Hope

We’ve hit a snafu of sorts in our quest to become mothers.  After 6 solid months of trying various at home and intra-cervical methods we’ve not been successful as of yet.  Our doctor friend suggested it was time to see an infertility specialist.  At first that was a blow to the gut realizing that not only were we not pregnant again, but that we had exhausted all of our efforts at this point and we felt that we had failed at our quest.

How much do we really want to bring a child in to our world?  What were our options?  Could we continue to go through this as a couple emotionally, physically, financially?  How does our donor feel about continuing to provide his special sauce to us?  As many of the readers may know already – it’s work to become pregnant, even for a straight couple.  It’s down right amazing to me that we even procreate to begin with, let alone with the help of modern science.  But after a few days of digesting this news we both decided that we would go at least see what this infertility clinic could do for us – we didn’t just want to assume that building our family in this way was out of reach for us since we’ve heard how expensive it can be – it is too soon to give up.  Children are expensive, life is expensive – life long commitment and a financial commitment up front is nothing compared to sharing our life with a little person.

Our first visit to the New Hope Center was on July 11.  After a total of four and a half hours at the clinic we came out exhausted but filled with hope….(as I type that I giggle that the New Hope Center gave us hope).  We discovered that at a minimum my wife needs to have six (6) fibroids and two (2) polyps removed for her to even be inseminated.  No wonder we haven’t been successful in our efforts thus far!  Literally everything else looks perfect for planting a little baby seed in the wife’s garden once those bad boys come out.  The hysterosalpingogram (HSG test), or as my wife likes to refer to it – the sword fight in my vagina – showed that her tubes and uterus were open for business.  Her labs look amazing (she’s a super healthy 41 year old).  And her ovarian reserves are stocked full.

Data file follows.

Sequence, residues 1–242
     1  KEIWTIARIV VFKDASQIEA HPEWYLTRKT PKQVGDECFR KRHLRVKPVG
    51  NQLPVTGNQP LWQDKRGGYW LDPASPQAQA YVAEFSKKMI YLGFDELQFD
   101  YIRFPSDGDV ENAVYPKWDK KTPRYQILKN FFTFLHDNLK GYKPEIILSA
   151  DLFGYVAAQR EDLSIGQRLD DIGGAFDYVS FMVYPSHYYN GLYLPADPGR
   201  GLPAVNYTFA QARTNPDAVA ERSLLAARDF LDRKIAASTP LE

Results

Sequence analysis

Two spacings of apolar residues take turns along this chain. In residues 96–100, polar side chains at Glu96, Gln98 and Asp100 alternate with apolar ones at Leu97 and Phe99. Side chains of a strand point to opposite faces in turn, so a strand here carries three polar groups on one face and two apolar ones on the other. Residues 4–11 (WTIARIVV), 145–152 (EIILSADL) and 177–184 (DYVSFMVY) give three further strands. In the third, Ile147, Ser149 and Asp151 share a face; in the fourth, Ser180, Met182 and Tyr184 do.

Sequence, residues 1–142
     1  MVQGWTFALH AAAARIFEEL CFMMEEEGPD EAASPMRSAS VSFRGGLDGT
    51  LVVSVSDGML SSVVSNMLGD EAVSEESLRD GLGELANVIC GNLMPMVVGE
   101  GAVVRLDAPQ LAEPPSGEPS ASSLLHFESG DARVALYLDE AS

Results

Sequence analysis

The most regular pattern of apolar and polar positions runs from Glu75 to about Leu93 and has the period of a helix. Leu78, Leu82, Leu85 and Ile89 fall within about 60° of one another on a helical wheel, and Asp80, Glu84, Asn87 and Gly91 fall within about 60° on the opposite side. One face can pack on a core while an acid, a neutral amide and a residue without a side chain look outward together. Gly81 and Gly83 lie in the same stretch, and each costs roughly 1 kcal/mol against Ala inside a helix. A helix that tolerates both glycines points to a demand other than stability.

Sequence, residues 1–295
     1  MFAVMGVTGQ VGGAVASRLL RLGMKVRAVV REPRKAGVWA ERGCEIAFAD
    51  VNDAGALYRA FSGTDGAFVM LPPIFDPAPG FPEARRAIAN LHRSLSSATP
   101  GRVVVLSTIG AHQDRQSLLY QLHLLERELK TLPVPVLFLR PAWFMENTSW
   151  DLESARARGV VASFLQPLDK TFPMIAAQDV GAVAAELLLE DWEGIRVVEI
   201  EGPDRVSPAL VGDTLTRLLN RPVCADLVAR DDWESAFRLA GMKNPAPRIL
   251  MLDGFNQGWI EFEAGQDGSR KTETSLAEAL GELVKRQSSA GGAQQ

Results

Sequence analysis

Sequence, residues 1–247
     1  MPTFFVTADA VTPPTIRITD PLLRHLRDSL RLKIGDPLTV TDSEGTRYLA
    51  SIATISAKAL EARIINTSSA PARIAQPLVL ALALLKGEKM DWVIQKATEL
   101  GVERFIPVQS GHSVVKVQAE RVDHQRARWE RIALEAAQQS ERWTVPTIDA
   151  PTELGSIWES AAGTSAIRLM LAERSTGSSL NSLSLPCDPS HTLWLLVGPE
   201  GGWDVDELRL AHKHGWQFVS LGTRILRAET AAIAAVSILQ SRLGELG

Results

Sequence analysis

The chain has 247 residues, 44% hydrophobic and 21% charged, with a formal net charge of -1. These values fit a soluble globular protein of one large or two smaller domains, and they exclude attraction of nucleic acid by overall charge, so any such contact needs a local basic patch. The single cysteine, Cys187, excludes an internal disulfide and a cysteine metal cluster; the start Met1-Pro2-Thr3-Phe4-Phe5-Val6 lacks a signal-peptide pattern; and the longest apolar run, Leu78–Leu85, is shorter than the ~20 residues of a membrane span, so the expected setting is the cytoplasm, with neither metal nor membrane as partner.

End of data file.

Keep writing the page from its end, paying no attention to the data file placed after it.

Initially, another blow…surgery is no fun either way you look at it.  Both of us understanding the implication of surgery and all of its fun times made us take another hard look at this process and our future.  Neither of us wanted her to go through a procedure that could be painful or could have her recovering for a period of time.  Again, is this all worth it?  Are we doing the right thing?  Are there too many bumps presenting themselves in this adventure of building our family?  Have we hit the stopping point?

Our process unfolded and regardless of the pregnancy outcome – my wife will have the fibroids and polyps removed.  Wishing to maintain her lady parts as long as possible, it is the best viable option to have these blood suckers removed.  And interestingly enough, we now know were those little side pains have been coming from all these years.  Who knew?  Going in to the operating room with the intention of preparing the uterus for implantation will likely give us a better chance that to have gone in with the intention of removing such growths due to pain or heavy menstrual cycles.  Keeping the uterus and ovaries intact versus potentially removing it all under these conditions made the decision easier to make.

How about our donor, you ask?  Well, the time table has increased due to testing his special sauce – a freezing and storing process to then unfreeze and retest again in six months.  And?  He’s in.  He’s committed just as we are.  That’s why we chose him to be our donor – because we want more than a donor, we want a village that wants to keep the well-being of this little person at the highest of highest priorities.  Conveniently my wife’s uterus needs to heal 3-6 months post surgery, so the time table cancels itself out.

The next step on our adventure takes us until January when we can try to build our family again.

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